Central American river turtles mate anytime from March to September. For the most part, the only time the turtles leave the water is during the nesting season, which starts in September, when the rainy season is in full force. The turtles nest any time from September to December, but some females start as early as late August or wait until March or April. When she is ready to lay her eggs, the female walks a few feet onto the shore, usually no more than 10 feet (3 meters), and digs a hole. She lays two to twenty brittle-shelled eggs that are about 2.1–2.8 inches (53–71 millimeters) long and 1.2–2 inches (30–51 millimeters) wide and weigh about 1.2–2.5 ounces (34–71 grams) each. A typical nest has eight to fourteen eggs. The female buries the eggs under mud and bits of rotting, nearby plants. The mother turtles usually produce two nests a year, but some have only one nest, and others may make three or four nests each season. Usually the largest females lay the most eggs in a year, and the smallest females lay the fewest. Because female Central American river turtles lay their eggs so close to the water, during the rainy season the lake or river can overflow onto the shore and flood the nests. The good news is that the eggs can survive being underwater for up to one month. The eggs need about seven to ten months to hatch, and most hatch anytime from late May to July, just when the rainy season starts up. As happens with many other kinds of turtles, warmer nest temperatures turn most Central American river turtle eggs into female hatchlings, or newly hatched young, and cooler temperatures produce males. The warm or cool weather has to occur when the eggs are about halfway along in their development.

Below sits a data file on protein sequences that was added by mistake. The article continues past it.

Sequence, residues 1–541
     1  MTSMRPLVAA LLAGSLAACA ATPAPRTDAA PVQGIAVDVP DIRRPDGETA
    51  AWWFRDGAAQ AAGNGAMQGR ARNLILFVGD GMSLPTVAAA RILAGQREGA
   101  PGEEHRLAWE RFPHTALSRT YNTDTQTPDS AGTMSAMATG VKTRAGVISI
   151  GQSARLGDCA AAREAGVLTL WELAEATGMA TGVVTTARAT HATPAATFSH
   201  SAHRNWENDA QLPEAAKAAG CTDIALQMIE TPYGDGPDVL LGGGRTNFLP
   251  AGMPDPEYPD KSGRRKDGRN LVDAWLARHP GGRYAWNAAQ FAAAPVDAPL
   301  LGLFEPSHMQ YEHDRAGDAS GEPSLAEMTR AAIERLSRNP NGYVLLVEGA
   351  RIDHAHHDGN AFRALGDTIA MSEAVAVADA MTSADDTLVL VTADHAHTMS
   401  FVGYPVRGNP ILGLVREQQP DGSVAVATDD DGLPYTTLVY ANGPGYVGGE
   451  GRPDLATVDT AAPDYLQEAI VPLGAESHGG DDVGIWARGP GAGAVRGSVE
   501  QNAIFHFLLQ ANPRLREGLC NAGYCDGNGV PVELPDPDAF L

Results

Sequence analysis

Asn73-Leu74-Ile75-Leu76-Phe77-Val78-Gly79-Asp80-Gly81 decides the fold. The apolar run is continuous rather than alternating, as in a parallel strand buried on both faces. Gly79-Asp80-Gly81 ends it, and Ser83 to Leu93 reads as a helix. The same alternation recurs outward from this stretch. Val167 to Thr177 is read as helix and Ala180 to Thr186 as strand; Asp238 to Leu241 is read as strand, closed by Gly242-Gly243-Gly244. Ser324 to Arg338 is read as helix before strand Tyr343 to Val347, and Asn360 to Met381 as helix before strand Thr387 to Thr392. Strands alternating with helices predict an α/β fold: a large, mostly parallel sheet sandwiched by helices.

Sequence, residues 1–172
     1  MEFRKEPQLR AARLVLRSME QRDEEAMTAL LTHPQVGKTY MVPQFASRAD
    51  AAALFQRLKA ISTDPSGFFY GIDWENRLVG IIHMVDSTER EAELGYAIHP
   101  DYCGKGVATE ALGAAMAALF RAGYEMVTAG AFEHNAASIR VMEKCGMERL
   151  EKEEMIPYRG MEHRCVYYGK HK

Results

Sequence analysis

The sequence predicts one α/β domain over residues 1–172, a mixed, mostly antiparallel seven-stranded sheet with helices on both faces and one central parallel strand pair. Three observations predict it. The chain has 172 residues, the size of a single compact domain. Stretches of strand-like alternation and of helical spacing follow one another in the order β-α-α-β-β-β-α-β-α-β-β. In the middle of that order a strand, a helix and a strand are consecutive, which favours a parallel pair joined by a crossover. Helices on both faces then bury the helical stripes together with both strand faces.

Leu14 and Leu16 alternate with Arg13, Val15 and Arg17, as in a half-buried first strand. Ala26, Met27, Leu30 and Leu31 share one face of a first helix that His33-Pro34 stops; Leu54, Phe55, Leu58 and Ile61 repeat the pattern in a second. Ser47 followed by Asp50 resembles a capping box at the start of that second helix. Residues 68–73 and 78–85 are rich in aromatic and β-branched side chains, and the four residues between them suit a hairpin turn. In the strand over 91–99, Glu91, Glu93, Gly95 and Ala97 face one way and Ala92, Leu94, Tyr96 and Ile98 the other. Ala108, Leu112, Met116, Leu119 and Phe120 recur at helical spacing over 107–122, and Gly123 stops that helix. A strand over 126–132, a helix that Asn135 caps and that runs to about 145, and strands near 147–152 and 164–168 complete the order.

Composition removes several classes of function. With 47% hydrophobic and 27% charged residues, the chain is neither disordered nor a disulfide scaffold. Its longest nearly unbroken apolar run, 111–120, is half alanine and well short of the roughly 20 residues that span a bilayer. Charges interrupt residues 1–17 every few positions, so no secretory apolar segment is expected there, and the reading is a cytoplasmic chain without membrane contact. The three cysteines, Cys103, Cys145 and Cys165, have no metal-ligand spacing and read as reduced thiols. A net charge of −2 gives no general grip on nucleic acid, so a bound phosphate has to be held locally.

CENTRAL AMERICAN RIVER TURTLES AND PEOPLE
Many local people in southern Mexico, northern Guatemala, and Belize consider the meat of Central American river turtle a delicacy and also collect the eggs. Even though these turtles are protected in some areas, hunting continues and threatens the survival of the species.
Both the World Conservation Union (IUCN) and the U.S. Fish and Wildlife Service label the Central American river turtle as Endangered, or facing a very high risk of extinction in the wild or throughout all or a significant portion of its range. Some governments have protected these turtles, which makes hunting or collecting them illegal.
FOR MORE INFORMATION
Burnie, David, and Don E. Wilson, eds. Animal: The Definitive Visual Guide to the World's Wildlife. United Kingdom: Dorling Kindersley, 2001.
Lee, Julian C. The Amphibians and Reptiles of the Yucatán Peninsula. Ithaca, NY: Comstock, 1996.
"Family Dermatemydidae (Mesoamerican River Turtles)." http://www.embl-heidelberg.de/uetz/families/Dermatemydidae.html (accessed on August 7, 2004).
Lowry, H. 2001. "Dermatemys mawii." Animal Diversity Web. http://animaldiversity.ummz.umich.edu/site/accounts/information/Dermatemys_mawii.html (accessed on August 7, 2004).
"Mexico Coalition Launches Strategy to Stop Destruction of Country's Richest Forest." Conservation International. http://www.conservation.org/xp/news/press_releases/2003/062603.xml (accessed on August 7, 2004.
"Turtle, Central American River." U.S. Fish and Wildlife Service. http://ecos.fws.gov/species_profile/SpeciesProfile?spcode=C04H (accessed on August 7, 2004).